As pre-order wrangling for Google Glass opened up this past week and with estimated delivery dates tentatively scheduled for the end of 2013, questions are naturally arising about how this amazing new technology is going to change our social norms and interaction.
It was just reported by CNET that Google Glass will be able to contact to Android and iPhones via Bluetooth and give users the option of pulling down data to the eyeglass headgear from wifi, 3G or 4G feeds.
The technology, which is slated to retail for $1,500 USD, is undoubtedly astonishing but the cultural reaction is still to be seen. Will Google be able to convince consumers to wear the device or will it remain odd and unfashionable like the Bluetooth earpiece or Segway?
And obvious questions of etiquette arise. We’ve all been annoyed by people who are attached to their smartphones during social occasions, so how do we deal with face to face interactions when both parties have data streaming before their eyes?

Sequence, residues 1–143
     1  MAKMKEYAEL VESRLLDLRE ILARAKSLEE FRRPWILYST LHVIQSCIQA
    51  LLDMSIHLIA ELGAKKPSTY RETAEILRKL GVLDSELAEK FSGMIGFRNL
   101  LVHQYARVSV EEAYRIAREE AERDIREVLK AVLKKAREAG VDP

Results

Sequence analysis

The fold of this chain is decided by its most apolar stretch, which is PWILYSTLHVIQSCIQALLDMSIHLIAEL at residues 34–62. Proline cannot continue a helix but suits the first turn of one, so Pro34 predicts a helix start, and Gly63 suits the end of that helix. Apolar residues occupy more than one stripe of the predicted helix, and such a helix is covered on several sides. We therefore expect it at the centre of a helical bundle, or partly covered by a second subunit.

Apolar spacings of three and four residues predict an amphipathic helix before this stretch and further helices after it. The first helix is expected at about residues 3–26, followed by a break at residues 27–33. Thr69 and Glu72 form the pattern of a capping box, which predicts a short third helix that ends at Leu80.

Furthermore, privacy issues become a concern as Google Glass will allow users to film and record with ultimate discretion, not having to hold up a camera. How do we navigate a world where our image or actions may be recorded at any time without our knowledge?
The challenge of modern culture is redefining social norms to keep up with our technological advances, and Google Glass definitely has the potential to wield huge influence not only how we process and access information but on our social roadmap as well.
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